Mykia Jovan

Singer and actress Mykia Jovan.

IF THE NAME MYKIA JOVAN DOESN'T RING ANY BELLS, JUST WAIT.

 Jovan’s star is on the rise this year, and her soulful voice — by turns sad and sultry — may be the voice singing the next song that gets stuck in your head.

 During high school, she studied theater at the New Orleans Center for Creative Arts. She didn’t begin to think of music as a career until after college, although she had been writing avidly since her days at school. After graduation, she transitioned to musical theater, but over time she began to shed acting and focused on “emoting things and telling stories through music.”

 Her closest brush with silver screen stardom came in the 2017 comedy Girls Trip, in which she plays one of R&B artist Ne-Yo’s backup singers during a performance at Essence Festival. The role, though small, was serendipitous — in July, she’ll make her Essence Festival debut, after making her New Orleans Jazz & Heritage Festival debut in April. She also performs as part of the all-female troupe Vessels, which explores the power of song to heal the wounds of the Middle Passage and African slavery. Jovan and her newly expanded band also will go on tour later this summer with Couches, a show produced by apparel and event company Dopeciety.

 She credits her genre-bending musical catalog to her time gigging and touring with Kermit Ruffins and the Barbecue Swingers — the three years she spent with the band sparked her interest in music beyond jazz, such as rap and trap music. Before working with Ruffins, she began to establish a name for herself in a regular Friday night spot at the Blue Nile on Frenchmen Street, crooning jazz standards and experimenting with other types of music. She released her first full-length original studio album Elliyahu in September 2017.

 “Eliyahu is a Hebrew name meaning ‘highest most exalted one,’” she says, and the songs on the album play with the theme of exaltation and idolatry. She secularized the word, adding an extra “l” to the spelling.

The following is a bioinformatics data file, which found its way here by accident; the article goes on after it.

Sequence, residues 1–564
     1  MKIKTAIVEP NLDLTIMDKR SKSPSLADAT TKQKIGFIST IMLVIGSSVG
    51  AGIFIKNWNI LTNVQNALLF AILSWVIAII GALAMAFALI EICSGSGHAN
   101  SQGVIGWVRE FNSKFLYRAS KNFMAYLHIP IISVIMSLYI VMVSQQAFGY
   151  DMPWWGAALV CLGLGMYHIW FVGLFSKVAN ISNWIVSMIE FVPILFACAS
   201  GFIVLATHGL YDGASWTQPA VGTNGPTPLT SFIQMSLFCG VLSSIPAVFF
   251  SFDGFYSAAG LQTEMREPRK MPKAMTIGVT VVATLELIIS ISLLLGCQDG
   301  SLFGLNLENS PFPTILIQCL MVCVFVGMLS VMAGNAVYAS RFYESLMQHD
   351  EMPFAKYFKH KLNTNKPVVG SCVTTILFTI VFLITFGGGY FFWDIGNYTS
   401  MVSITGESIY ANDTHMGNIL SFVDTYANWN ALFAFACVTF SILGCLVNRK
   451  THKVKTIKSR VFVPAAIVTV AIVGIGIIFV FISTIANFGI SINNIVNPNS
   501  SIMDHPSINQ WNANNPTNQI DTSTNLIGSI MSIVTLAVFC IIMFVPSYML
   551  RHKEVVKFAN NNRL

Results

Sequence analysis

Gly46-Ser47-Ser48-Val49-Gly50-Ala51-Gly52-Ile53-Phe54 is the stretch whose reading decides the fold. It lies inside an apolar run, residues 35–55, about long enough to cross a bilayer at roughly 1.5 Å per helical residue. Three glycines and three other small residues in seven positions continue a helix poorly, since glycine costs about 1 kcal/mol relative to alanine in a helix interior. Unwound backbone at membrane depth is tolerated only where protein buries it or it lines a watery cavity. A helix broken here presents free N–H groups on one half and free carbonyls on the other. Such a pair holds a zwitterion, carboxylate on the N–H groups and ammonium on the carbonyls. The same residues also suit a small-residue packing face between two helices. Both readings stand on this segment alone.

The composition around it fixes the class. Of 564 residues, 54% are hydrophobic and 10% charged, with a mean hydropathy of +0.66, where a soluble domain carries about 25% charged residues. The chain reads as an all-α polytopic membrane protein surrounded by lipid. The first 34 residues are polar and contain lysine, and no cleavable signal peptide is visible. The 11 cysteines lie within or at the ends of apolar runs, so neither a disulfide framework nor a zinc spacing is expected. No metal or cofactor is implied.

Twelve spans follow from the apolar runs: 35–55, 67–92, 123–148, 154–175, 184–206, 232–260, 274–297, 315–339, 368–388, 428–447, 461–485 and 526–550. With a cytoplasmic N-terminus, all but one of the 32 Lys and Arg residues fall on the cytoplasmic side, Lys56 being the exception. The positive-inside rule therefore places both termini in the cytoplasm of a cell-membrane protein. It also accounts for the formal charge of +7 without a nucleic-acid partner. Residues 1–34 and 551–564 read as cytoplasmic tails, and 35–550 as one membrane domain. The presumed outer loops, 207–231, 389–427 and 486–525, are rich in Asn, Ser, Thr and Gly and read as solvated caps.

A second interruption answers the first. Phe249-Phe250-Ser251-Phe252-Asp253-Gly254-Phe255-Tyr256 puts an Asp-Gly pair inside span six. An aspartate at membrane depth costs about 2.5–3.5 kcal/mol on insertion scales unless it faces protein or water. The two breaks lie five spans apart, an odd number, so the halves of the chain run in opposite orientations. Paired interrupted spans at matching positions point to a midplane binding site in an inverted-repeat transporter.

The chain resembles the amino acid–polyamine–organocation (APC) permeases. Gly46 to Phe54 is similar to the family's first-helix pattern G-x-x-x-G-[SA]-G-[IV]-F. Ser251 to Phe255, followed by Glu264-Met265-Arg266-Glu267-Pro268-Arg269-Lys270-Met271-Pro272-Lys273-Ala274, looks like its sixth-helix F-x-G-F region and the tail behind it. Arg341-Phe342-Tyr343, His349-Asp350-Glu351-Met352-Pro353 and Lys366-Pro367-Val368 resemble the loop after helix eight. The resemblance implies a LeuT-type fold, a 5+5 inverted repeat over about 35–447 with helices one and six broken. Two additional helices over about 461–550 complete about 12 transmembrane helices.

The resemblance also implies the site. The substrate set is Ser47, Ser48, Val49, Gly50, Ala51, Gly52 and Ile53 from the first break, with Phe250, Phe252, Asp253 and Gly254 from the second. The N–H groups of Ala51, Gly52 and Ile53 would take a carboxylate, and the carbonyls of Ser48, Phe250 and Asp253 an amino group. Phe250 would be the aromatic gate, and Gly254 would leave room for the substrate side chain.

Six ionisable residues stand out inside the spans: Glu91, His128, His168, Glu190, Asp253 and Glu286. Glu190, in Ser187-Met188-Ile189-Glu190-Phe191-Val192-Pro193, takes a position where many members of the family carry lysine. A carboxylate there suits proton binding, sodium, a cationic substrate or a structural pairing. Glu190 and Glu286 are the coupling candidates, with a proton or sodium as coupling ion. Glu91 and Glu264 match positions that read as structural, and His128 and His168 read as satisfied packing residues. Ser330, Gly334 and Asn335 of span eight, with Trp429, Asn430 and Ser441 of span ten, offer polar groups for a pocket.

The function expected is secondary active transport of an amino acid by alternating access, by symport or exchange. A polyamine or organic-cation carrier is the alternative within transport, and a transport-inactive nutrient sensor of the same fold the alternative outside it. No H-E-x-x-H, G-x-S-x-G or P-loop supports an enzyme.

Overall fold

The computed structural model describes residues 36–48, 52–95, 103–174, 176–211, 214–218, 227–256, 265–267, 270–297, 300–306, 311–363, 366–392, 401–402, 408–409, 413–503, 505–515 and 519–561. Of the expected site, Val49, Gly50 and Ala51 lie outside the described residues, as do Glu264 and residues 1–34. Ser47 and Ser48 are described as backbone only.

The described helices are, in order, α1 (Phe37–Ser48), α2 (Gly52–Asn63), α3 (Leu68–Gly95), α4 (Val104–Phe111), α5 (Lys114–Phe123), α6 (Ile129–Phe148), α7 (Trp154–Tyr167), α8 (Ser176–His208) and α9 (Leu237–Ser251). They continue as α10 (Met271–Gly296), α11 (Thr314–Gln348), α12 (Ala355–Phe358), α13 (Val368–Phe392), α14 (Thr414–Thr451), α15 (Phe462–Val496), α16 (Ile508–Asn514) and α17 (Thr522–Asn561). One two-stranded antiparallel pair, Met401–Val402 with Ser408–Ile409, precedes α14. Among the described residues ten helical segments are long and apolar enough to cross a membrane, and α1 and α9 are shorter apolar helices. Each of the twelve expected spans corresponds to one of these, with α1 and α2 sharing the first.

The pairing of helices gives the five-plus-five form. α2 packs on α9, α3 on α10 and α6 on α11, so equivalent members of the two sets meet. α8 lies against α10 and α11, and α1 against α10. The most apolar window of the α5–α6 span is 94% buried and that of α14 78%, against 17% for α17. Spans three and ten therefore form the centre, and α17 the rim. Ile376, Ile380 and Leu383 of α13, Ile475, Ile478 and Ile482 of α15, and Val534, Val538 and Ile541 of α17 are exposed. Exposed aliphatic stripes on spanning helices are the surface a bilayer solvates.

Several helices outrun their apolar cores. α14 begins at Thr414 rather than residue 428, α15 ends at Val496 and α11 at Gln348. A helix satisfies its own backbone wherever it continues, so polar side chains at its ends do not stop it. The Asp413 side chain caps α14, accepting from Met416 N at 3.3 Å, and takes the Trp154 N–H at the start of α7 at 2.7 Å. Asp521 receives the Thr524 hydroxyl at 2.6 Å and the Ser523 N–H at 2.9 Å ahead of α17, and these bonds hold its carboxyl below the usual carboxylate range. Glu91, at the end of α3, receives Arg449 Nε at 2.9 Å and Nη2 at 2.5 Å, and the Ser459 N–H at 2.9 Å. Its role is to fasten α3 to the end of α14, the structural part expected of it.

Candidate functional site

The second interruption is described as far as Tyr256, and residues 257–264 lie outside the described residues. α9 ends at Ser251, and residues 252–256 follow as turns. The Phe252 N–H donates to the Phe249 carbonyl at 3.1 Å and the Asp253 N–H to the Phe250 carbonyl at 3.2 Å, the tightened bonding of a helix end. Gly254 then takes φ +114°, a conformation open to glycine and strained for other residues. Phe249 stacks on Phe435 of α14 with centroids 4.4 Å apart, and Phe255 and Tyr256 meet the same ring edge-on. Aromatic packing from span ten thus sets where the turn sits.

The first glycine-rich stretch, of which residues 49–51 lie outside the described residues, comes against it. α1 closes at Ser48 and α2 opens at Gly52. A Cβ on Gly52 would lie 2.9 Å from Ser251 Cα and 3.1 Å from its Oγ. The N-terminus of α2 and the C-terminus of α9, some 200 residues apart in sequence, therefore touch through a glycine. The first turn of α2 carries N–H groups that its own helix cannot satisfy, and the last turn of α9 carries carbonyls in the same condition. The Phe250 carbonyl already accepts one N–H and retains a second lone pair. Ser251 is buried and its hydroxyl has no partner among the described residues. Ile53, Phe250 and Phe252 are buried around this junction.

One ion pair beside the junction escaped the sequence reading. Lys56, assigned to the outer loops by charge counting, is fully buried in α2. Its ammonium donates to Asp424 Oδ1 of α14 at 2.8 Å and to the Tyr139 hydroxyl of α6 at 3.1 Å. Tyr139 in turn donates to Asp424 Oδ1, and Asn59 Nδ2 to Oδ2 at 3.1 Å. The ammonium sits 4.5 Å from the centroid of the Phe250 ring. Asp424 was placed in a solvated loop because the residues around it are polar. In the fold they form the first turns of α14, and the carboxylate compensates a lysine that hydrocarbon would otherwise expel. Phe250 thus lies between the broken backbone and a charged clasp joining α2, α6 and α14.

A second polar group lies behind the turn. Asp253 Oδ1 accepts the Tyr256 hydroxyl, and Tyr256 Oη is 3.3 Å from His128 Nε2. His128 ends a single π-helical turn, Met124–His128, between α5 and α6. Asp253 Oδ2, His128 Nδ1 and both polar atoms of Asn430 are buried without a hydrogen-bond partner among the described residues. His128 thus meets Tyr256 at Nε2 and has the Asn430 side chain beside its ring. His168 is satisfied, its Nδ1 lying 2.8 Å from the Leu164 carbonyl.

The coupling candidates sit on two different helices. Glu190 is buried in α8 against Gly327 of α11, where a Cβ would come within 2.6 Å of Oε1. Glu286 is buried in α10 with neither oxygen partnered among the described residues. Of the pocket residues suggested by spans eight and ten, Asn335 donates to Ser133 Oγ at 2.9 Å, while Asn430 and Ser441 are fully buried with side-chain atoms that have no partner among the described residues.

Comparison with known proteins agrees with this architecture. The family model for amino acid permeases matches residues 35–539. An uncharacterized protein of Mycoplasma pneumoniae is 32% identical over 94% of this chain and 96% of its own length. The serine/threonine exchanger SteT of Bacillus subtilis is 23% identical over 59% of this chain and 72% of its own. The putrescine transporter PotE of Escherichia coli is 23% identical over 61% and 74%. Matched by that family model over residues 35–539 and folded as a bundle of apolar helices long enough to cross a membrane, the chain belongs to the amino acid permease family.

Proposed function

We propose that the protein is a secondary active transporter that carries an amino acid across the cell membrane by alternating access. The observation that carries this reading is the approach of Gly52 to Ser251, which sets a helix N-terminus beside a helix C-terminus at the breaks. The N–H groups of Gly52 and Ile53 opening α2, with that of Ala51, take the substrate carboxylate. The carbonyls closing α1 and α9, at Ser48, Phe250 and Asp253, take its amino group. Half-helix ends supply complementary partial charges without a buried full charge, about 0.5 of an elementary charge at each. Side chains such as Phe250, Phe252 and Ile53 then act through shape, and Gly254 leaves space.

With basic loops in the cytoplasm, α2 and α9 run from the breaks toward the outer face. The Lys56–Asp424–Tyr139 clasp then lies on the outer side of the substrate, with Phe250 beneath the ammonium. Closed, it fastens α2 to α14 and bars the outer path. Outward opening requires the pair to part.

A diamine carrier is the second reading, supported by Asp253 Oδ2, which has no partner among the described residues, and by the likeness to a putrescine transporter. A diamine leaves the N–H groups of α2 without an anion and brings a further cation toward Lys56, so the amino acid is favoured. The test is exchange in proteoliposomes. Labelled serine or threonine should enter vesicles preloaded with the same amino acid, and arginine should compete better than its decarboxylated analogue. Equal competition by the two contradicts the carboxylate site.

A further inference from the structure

“[The songs are about] where do you place God,” she says. “Are you going to look outside of yourself for your … development, for your fulfillment, or are you going to activate the God inside of yourself?”

 She teases out these ideas in a tempestuous mix of love songs, songs about reconciling old relationships and “pointing the finger a lot.” There also are songs like “16 Shots” that address the social inequities that are roiling the world, the country and her native Hollygrove neighborhood, where she recalls a family friend mistakenly was identified as the burglar of a convenience store. He was fatally shot. These events inspired her collaboration with Matthew Kincaid, founder of New Orleans-based social justice awareness program Overcoming Racism, for last year’s Medicine Show, a storytelling performance that brought together spoken word artists, comedians and songwriters like Jovan to talk about ways to improve the wellbeing of their communities.

 “Music has been an outlet for me to sort out things in the public eye,” Jovan says. “I’ve been really grateful for my residency at the Blue Nile to try out new music and to really use it as a therapy session to get my ideas out and play around with different genres.”

 Her recent success hasn’t changed her impetus for creating music and performing.

 “I like to be able to make contact with my audience,” she says. “Anytime I can really connect with someone in the midst of the show — that’s really important to me. … I feel like we’re having an exchange, and it’s not just me entertaining. Somebody is actually receiving something. That’s so important.”

Where you can see her next:

The Good Vibes/Ford Superlounge at Essence Festival, 8 p.m. – 8:45 p.m. Friday, July 6

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Mykia Jovan's Favorite Things

Jovan's must-haves.

 

Must-haves

Valentine’s Day card from her sister with hologram of caterpillar morphing into a butterfly

Quartz — “It relaxes me.”

Adventure log for writing on the go

Essential oils

Murray and Lanman’s Florida Water cologne

Likes

Favorite snowball stand?  Plum Street. I went to Lusher and [Eleanor] McMain [Schools], and it was right there.

The Lakefront or The Fly? The Fly. The Lakefront is so cool, but I feel like you have to be really cute when you go there.

Oak trees or magnolia trees? Oak trees. Oak trees have saved my life. Have you ever leaned against an oak tree after a hard day?

What’s something that you have to carry with you at all times? A crystal or a worry stone.

Guilty pleasure? Scrolling on Instagram. I’m a huge lurker.

What very New Orleans thing have you never done? I’ve never been to Mother’s (Restaurant).

Heading to 2018 Essence Fest? Here's when, where to catch can't-miss performances